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Adults with autism learn independence at Emory

Woodruff Health Sciences Center | April 15, 2015

April is National Autism Awareness Month, but at Emory, our awareness and programming lasts all year. The Emory Autism Center, for example, is making use of the Emory University campus for an initiative to help adults with autism spectrum disorder learn and practice important life skills. The pilot program, called myLIFE, provides opportunities for young adults with autism to address issues that are important for independent living including interaction with other people, communicating their needs, participating in community events, engaging in health-related activities and getting around on public transportation.
 
“Studies show that people with autism spectrum disorder learn more about life when interacting with people their own age who do not have the same challenges,” explains Toni Thomas, program manager for adult services at the Emory Autism Center. “That’s one of the reasons we decided to make use of the Emory environment and availability of educated volunteers to help each myLIFE group member learn the skills they need to successfully participate in age-appropriate activities with their peers.”
 
The participants in this pilot program, which was partially funded by a grant from the Autism Foundation of Georgia, with additional support from the Georgia Department of Behavioral Health and Developmental Disabilities, are 18 years and older. The adults are being exposed to a whole spectrum of responsibilities. An apartment on the Emory campus provides a place where myLIFE participants can practice skills related to self-care needs, such as cooking, cleaning and doing laundry. It also provides a comfortable place where the group can hang out for social time together and with others.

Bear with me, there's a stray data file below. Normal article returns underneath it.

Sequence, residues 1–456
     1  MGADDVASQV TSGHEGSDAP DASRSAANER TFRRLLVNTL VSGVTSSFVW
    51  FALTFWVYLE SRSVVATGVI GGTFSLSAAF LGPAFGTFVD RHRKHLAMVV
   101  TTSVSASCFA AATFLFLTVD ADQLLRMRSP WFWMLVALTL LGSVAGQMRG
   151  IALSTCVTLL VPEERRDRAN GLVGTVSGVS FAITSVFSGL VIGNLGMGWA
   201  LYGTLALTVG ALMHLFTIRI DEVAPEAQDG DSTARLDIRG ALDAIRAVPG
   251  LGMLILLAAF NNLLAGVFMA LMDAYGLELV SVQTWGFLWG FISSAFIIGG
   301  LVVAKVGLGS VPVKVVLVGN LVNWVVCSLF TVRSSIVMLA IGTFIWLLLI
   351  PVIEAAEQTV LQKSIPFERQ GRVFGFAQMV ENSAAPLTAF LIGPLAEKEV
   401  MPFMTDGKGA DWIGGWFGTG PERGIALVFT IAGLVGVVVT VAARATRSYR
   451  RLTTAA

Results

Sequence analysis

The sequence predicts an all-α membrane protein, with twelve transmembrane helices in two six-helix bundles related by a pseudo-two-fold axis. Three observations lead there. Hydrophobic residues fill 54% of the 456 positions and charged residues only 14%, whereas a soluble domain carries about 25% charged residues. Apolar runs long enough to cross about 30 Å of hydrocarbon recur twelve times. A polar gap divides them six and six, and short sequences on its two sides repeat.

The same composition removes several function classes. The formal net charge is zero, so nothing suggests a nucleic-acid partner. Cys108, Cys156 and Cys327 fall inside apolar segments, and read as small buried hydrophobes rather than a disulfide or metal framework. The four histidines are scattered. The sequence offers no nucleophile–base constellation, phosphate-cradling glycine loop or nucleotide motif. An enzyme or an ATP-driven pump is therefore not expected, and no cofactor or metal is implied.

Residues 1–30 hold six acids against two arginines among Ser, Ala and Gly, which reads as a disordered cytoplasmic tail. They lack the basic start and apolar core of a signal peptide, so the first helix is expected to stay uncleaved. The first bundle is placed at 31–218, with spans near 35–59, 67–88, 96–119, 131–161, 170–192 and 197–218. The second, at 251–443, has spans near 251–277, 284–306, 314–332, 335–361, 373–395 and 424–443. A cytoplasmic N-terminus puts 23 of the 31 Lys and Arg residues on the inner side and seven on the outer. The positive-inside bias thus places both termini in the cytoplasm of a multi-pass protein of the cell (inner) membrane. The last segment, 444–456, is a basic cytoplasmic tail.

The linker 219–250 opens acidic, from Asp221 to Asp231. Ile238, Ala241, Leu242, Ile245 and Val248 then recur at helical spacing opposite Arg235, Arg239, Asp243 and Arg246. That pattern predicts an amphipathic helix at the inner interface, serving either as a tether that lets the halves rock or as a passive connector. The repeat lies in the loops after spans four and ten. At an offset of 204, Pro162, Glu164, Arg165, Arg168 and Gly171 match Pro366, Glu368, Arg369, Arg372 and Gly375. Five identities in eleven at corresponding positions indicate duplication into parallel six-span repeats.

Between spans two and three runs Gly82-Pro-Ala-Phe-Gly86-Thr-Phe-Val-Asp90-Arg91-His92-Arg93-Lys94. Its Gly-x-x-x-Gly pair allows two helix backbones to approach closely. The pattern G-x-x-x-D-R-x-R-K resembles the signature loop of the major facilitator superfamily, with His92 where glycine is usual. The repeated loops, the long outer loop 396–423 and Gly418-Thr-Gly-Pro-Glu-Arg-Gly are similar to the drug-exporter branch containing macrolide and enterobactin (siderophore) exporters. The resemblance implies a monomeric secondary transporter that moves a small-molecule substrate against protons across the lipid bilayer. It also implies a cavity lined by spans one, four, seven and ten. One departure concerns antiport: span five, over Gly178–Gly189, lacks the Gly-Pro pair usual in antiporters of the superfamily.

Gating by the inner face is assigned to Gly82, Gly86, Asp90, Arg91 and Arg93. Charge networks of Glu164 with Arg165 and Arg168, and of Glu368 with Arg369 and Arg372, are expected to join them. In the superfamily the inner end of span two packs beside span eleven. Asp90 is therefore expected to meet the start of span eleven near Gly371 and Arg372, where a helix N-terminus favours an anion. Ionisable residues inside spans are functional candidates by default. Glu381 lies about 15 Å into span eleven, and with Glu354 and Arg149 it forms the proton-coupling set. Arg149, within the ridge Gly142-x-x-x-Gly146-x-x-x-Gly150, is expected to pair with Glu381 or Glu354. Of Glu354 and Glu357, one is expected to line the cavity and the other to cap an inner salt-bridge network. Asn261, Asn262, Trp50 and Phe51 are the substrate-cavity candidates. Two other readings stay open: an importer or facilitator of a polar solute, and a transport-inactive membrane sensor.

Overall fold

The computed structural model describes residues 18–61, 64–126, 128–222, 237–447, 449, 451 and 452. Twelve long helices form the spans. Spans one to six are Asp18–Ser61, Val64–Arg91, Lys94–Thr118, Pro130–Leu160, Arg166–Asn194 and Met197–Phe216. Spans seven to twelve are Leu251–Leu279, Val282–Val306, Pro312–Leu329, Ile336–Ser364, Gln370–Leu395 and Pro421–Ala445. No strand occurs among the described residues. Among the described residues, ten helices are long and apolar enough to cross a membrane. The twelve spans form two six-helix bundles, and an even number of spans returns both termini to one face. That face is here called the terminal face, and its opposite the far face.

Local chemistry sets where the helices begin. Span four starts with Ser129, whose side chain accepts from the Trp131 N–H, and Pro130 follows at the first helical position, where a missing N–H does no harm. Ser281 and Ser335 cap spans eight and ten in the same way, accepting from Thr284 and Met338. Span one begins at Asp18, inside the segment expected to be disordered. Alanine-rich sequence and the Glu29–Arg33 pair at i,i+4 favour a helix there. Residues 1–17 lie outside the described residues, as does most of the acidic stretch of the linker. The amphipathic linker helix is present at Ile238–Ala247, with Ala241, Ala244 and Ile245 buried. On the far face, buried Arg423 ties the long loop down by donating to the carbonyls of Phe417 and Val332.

Volunteer mentors take the participants to a variety of functions across the Emory campus, ride with them on the campus shuttles and dine together in the cafeteria. The American Cancer Society’s Hope Lodge and Emory’s Wesley Woods offer opportunities for volunteer work. A volunteer nutritionist and students from the nursing and medical schools provide training in healthy living skills, and participants are required to join one of Emory’s campus athletic centers, which have generously provided discounted passes for each participant. Activities such as woodworking and gardening also are part of the program to introduce new hobbies or potential job skills. 
 
Thomas says she sees inspiring changes in the participants’ ability to deal with everyday experiences that most of us take for granted. “Our goal is to provide these young adults with every life experience possible, and being able to take advantage of our own campus has proven to be instrumental in their success.”
 
To contribute to autism research and programs at Emory, contact Margaret Lesesne, director of development for clinical programs, at margaret.lesesne@emory.edu or 404.778.4632.